When the coup took place, there was at first no explanation given at all. Then there appeared a leaked email from a super-wealthy trustee of the business school—Mr. Jefferson’s university suffered from a troubling paucity of “strategic dynamism,” he moaned. Oh, but that would change now that the plutes were in charge: “There will also be a strategic planning initiative commenced by the Board of Visitors with a focus on strategic dynamism.” Billionaire alumnus Paul Tudor Jones II soon chimed in with a newspaper op-ed informing Virginians that Jefferson himself would have welcomed the coup because he was a “change agent.” Reading these preposterous declarations at the time, I was convinced there had to be some deeper motive, that no one really talked this way. Since then, however, we’ve learned that these people meant this stuff.Read the board members’ emails back and forth to one another* and you start to realize that the poor president was the casualty of a long-running argument the University brass had been having among themselves about . . . “the rate of change.”
That the people who hold the ultimate authority at our institutions of higher learning are dedicated to a notorious form of pseudo-knowledge is richly ironic, and it is also telling. The point of management theory, after all, is to establish the legitimacy of a social order and a social class who are, in fact, little more than drones. The grotesque top-heaviness of the American corporation is an old story: we have more supervisors per worker than any other industrialized nation, and quite naturally we have developed an extensive literature of bogus social theory assuring those supervisors of the rightfulness of their place in the world—a literature that also counsels everyone else to acquiesce to their subordinate station in the Great Chain of Free-Market Being.
From 1947 to 2009 the average annual price increase for services was 4.0 percent, while for goods the average annual price increase was only 2.4 percent.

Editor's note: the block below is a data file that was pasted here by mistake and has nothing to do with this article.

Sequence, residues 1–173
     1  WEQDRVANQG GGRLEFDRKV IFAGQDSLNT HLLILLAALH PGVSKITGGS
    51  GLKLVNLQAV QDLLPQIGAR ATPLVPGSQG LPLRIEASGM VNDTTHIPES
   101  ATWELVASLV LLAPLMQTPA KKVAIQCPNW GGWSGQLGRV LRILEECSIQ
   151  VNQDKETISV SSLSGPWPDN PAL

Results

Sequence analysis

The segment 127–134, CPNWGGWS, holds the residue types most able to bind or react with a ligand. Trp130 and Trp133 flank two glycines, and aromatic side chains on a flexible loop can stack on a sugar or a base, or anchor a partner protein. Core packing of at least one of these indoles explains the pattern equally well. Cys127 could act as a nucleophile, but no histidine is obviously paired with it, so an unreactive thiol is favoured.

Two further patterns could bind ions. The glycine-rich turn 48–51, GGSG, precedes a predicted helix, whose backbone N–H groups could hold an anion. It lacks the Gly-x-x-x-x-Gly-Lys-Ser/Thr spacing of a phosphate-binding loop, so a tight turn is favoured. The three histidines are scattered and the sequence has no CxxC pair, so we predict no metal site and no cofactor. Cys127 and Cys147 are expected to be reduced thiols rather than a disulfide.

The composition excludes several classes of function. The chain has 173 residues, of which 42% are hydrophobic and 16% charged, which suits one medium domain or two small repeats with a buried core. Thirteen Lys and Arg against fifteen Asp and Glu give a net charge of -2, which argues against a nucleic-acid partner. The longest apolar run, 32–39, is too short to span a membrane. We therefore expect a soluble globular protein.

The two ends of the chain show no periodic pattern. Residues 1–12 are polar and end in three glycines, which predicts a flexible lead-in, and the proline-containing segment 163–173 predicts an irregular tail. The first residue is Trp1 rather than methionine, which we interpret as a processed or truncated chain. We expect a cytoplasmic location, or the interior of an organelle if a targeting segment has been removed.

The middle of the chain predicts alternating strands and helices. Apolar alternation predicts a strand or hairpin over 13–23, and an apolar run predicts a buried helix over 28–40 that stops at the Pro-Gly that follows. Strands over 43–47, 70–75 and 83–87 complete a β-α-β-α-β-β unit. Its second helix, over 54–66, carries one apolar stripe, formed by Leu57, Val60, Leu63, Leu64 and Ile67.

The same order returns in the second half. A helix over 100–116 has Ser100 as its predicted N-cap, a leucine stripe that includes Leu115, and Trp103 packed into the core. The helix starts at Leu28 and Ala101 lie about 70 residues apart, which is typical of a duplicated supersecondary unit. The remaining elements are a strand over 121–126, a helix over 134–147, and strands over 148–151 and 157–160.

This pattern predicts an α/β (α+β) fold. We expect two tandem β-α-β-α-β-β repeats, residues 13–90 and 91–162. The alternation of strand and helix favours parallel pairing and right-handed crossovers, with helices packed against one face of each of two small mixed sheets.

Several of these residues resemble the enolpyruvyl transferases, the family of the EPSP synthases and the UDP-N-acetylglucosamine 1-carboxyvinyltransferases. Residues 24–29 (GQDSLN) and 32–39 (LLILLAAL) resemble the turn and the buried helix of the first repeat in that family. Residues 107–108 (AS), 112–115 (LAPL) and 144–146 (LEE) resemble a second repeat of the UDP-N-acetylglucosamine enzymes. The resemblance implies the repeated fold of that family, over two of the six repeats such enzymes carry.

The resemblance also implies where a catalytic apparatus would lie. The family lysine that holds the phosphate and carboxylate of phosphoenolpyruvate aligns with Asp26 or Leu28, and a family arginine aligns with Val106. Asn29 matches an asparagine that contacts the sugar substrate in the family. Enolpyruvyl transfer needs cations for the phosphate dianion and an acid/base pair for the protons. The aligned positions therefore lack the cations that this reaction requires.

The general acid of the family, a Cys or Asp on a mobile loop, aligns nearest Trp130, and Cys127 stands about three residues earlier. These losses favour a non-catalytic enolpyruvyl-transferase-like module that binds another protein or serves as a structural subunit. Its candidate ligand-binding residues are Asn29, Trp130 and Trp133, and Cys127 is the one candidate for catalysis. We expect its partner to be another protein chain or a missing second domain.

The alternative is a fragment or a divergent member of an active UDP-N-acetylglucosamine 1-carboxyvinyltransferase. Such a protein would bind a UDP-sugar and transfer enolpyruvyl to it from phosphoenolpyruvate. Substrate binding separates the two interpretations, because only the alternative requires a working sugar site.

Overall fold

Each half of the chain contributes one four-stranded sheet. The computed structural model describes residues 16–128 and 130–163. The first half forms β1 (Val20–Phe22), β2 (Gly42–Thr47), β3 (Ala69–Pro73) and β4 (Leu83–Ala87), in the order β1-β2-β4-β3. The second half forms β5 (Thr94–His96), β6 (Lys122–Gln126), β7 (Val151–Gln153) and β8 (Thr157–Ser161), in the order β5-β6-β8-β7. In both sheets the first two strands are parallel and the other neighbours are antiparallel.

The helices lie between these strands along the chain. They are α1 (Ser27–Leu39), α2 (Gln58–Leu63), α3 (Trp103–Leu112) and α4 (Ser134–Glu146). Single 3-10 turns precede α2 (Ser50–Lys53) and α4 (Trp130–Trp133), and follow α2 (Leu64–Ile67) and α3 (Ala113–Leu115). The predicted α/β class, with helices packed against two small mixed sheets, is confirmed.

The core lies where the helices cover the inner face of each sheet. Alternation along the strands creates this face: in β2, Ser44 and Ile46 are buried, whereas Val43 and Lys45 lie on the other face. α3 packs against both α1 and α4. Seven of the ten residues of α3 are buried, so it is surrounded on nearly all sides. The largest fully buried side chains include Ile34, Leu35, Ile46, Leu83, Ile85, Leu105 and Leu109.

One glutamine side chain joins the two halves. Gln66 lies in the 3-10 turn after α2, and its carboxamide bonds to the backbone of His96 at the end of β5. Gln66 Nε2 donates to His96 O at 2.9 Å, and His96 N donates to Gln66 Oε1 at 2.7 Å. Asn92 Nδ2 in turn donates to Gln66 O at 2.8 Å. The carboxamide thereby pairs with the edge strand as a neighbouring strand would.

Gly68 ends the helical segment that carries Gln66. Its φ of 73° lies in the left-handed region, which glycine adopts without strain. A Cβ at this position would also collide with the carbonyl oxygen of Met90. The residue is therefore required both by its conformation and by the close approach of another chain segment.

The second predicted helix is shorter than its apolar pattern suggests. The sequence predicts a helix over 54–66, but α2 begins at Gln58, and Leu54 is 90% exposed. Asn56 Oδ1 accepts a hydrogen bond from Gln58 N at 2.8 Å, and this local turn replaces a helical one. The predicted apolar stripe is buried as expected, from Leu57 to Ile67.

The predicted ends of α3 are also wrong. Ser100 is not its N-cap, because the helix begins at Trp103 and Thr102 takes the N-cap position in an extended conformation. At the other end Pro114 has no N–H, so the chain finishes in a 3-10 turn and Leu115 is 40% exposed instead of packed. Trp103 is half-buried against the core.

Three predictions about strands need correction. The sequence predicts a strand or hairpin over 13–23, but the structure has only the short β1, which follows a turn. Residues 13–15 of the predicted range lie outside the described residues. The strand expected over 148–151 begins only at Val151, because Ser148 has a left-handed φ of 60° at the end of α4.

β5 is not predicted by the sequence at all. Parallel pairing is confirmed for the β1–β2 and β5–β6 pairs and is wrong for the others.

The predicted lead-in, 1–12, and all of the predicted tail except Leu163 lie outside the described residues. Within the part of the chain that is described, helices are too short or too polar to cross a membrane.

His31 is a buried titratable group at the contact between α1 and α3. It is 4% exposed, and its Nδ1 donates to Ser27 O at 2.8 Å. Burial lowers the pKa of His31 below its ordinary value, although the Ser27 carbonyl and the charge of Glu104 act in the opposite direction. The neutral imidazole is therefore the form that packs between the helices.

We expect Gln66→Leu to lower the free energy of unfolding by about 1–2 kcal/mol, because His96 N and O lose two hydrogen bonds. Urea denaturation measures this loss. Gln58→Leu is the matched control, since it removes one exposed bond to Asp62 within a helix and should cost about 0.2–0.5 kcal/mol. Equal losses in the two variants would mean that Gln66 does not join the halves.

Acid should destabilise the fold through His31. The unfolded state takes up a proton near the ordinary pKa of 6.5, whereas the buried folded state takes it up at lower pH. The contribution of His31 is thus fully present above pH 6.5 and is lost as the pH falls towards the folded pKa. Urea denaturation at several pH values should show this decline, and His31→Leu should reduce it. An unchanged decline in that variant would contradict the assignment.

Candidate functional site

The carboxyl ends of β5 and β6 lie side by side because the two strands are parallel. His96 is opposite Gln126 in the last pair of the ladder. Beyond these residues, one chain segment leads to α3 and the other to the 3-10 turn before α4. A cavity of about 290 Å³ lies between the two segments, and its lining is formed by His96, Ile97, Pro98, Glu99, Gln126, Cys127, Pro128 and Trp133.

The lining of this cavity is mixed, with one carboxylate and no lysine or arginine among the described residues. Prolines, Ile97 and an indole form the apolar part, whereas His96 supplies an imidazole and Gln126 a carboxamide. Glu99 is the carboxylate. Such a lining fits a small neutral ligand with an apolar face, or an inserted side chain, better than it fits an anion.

The senior administration of my statewide university system earns less than 1% of the system's core budget (that is state revenues and fees combined--the money we're free to spend pretty much anyway we like). Student protests over fees are obsessively focused on this less-than-1% of the system's budget. 17% of that budget, by contrast, goes on student aid. If every single senior administrative figure in the entire university system had their salary reduced to the statewide average, it would make no appreciable difference--at all--to student fees or the quality of the student experience on campus. All the rhetoric focused on that issue is just so much wasted breath, so much wasted political energy. If a fraction of that energy was expended on writing to state legislators and insisting that the state's budget for higher education was increased it would be infinitely more likely to actually make some real difference. Barking wildly up the wrong tree actually has a real cost.
If we took...a 1950s State U...adjusted for inflation...could it provide an effective university education less expensively than a modern university?
Furthermore, universities prefer to put up a new building or invest millions in remodelling existing lab space rather than house scientists in older buildings that they already own. Why? One reason is that debt can be an accounting asset. A US government accounting rule called A21 means that the more debt universities have from construction, the more they can add to grants for overhead costs. If a university borrows $100 million to build a new facility and pays 4% interest, it can increase its indirect rate by including the $4-million interest payment in the calculation.
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